A supercomputer is a powerful computer that possesses the capacity to store and process far more information than is possible using a conventional personal computer.

An illustrative comparison can be made between the hard drive capacity of a personal computer and a super-computer. Hard drive capacity is measured in terms of gigabytes. A gigabyte is one billion bytes. A byte is a unit of data that is eight binary digits (i.e., 0's and 1's) long; this is enough data to represent a number, letter, or a typographic symbol. Premium personal computers have a hard drive that is capable of storing on the order of 30 gigabytes of information. In contrast, a supercomputer has a capacity of 200 to 300 gigabytes or more.

Another useful comparison between supercomputers and personal computers is in the number of processors in each machine. A processor is the circuitry responsible for handling the instructions that drive a computer. Personal computers have a single processor. The largest supercomputers have thousands of processors.

This enormous computation power makes supercomputers capable of handling large amounts of data and processing information extremely quickly. For example, in April 2002, a Japanese supercomputer that contains 5,104 processors established a calculation speed record of 35,600 gigaflops (a gigaflop is one billion mathematical calculations per second). This exceeded the old record that was held by the ASCI White-Pacific supercomputer located at the Lawrence Livermore National Laboratory in Berkeley, California. The Livermore supercomputer, which is equipped with over 7,000 processors, achieves 7,226 gigaflops.

These speeds are a far cry from the first successful supercomputer, the Sage System CDC 6600, which was designed by Seymour Cray (founder of the Cray Corporation) in 1964. His computer had a speed of 9 megaflops, thousands of times slower than the present day versions. Still, at that time, the CDC 6600 was an impressive advance in computer technology.

Beginning around 1995, another approach to designing supercomputers appeared. In grid computing, thousands of individual computers are networked together, even via the Internet. The combined computational power can exceed that of the all-in-one supercomputer at far less cost. In the grid approach, a problem can be broken down into components, and the components can be parceled out to the various computers. As the component problems are solved, the solutions are pieced back together mathematically to generate the overall solution.

The phenomenally fast calculation speeds of the present day supercomputers essentially corresponds to "real time," meaning an event can be monitored or analyzed as it occurs. For example, a detailed weather map, which would take a personal computer several days to compile, can be complied on a supercomputer in just a few minutes.

Supercomputers like the Japanese version are built to model events such as climate change, global warming, and earthquake patterns. Increasingly, however, supercomputers are being used for security purposes such as the analysis of electronic transmissions (i.e., email, faxes, telephone calls) for codes. For example, a network of supercomputers and satellites that is called Echelon is used to monitor electronic communications in the United States, Canada, United Kingdom, Australia, and New Zealand. The stated purpose of Echelon is to combat terrorism and organized crime activities.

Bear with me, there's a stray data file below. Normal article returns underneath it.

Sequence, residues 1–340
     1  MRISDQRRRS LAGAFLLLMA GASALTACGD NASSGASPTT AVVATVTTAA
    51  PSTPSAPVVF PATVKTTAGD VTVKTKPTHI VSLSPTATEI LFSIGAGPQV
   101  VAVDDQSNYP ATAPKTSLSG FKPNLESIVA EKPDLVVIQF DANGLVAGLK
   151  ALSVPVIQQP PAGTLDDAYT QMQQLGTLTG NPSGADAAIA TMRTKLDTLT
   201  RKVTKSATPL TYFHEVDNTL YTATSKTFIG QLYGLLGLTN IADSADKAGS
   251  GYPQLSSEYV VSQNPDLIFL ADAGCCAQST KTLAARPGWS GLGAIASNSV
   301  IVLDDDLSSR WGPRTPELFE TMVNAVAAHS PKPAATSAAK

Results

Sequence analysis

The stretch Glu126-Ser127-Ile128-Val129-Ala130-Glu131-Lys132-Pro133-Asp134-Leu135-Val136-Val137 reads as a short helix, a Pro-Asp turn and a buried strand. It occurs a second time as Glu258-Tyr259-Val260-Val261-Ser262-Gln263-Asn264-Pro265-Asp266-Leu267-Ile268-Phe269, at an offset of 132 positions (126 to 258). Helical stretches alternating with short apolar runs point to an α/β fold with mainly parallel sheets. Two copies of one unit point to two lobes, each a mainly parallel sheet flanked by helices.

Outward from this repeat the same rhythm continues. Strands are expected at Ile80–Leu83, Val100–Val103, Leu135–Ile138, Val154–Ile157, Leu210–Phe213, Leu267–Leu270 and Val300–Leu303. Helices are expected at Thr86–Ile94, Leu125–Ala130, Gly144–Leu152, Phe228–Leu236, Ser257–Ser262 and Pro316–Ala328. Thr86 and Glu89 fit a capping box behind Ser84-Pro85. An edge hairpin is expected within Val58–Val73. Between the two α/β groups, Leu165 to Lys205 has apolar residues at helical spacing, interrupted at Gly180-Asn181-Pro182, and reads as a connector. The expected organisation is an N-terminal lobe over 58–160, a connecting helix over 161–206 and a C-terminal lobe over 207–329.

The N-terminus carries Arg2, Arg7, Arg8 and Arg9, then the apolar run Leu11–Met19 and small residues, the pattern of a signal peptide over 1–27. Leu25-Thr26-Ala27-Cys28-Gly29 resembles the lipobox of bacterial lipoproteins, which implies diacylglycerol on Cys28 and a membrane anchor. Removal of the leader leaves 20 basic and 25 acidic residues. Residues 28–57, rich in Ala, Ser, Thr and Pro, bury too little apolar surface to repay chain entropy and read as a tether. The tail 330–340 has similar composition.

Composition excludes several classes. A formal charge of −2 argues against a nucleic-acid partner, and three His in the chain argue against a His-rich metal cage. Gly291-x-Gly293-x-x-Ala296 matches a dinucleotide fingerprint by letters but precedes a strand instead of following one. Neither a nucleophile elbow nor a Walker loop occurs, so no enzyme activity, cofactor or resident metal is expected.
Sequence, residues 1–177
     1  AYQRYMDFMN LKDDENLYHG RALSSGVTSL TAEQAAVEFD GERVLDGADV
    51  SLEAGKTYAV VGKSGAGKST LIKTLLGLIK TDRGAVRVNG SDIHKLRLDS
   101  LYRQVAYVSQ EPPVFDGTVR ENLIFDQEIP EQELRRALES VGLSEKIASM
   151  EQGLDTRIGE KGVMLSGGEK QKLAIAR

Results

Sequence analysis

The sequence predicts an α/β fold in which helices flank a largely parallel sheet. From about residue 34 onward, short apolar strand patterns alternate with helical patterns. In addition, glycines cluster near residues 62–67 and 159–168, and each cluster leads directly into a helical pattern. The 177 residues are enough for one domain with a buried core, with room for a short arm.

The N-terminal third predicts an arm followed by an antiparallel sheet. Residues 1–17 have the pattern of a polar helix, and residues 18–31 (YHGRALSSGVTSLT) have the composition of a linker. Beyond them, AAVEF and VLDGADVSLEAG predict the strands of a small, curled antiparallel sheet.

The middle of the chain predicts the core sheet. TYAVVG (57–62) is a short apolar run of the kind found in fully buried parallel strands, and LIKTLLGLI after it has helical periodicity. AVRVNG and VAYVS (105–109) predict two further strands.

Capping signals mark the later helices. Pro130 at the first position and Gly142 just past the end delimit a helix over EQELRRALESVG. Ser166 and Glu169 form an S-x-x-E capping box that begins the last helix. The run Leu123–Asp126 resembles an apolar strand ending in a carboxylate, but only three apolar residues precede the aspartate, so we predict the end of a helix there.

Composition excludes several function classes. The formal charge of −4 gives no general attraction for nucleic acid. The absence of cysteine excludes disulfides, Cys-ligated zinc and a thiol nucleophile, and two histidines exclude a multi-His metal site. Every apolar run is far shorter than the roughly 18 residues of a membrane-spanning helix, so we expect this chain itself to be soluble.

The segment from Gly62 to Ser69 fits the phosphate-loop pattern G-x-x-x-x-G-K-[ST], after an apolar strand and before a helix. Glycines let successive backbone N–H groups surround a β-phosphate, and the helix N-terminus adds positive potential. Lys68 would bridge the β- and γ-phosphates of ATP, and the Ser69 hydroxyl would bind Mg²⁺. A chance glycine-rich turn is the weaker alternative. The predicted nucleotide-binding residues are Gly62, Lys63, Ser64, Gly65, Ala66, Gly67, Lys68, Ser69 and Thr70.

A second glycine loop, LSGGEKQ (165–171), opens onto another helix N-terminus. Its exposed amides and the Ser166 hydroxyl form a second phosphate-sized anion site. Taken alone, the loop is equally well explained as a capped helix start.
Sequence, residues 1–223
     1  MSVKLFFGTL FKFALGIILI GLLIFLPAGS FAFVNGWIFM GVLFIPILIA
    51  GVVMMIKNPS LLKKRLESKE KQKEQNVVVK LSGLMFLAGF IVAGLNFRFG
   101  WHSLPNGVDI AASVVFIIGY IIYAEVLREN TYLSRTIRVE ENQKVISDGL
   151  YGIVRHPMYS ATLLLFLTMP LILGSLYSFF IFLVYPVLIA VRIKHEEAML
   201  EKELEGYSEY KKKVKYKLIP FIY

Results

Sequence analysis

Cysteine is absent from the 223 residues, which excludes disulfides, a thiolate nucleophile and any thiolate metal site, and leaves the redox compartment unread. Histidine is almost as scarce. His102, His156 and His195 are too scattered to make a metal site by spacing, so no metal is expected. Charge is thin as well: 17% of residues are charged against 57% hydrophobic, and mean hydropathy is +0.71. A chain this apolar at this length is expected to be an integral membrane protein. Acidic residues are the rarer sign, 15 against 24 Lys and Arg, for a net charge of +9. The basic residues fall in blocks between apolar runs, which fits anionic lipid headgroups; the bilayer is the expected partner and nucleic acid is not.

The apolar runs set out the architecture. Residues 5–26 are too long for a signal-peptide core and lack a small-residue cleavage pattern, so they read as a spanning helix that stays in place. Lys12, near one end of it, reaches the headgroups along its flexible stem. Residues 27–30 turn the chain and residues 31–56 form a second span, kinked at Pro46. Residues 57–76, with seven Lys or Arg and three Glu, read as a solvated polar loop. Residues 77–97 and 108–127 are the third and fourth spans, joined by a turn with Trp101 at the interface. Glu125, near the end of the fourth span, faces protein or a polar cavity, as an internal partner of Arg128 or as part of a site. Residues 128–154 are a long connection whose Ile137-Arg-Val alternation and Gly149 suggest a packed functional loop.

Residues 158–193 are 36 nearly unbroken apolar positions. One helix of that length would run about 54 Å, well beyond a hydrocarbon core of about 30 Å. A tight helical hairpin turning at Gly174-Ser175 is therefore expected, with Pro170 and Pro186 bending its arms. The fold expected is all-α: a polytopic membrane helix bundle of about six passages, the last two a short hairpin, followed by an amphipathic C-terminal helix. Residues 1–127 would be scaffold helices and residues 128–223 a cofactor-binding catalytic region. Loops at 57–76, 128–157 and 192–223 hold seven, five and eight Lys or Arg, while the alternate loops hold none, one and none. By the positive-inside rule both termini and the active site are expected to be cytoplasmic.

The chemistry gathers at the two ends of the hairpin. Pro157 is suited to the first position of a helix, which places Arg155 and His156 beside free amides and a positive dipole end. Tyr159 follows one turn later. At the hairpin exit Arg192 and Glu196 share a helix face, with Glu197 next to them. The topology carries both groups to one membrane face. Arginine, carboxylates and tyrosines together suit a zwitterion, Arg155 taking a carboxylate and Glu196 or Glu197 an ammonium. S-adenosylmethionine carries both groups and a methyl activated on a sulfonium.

The next generation of supercomputers is under development. Three particularly promising technologies are being explored. The first of these is optical computing. Light is used instead of using electrons to carry information. Light moves much faster than an electron can, therefore the speed of transmission is greater.

The second technology is known as DNA computing. Here, recombining DNA in different sequences does calculations. The sequence(s) that are favored and persist represent the optimal solution. Solutions to problems can be deduced even before the problem has actually appeared.

The third technology is called quantum computing. Properties of atoms or nuclei, designated as quantum bits, or qubits, would be the computer's processor and memory. A quantum computer would be capable of doing a computation by working on many aspects of the problem at the same time, on many different numbers at once, then using these partial results to arrive at a single answer. For example, deciphering the correct code from a 400-digit number would take a supercomputer millions of years. However, a quantum computer that is about the size of a teacup could do the job in about a year.



Stork, David G. (ed) and Arthur C. Clarke. HAL's Legacy: 2001's Computer Dream and Reality. Boston: MIT Press, 1998.


Cray Corporation. "What Is a Supercomputer?" Supercomputing. 2002. < >(15 December 2002).

A technician monitors IBM's ASCI White in 2000, then the world's fastest supercomputer, that is capable of 12 trillion calculations per second. The Department of Energy uses ASCI White to analyze and protect the nation's nuclear weapons stockpile. AP/WIDE WORLD PHOTOS.
A technician monitors IBM's ASCI White in 2000, then the world's fastest supercomputer, that is capable of 12 trillion calculations per second. The Department of Energy uses ASCI White to analyze and protect the nation's nuclear weapons stockpile.

The History of Computing Foundation. "Introduction to Supercomputers." Supercomputers. October 13, 2002. < >(15 December 2002).


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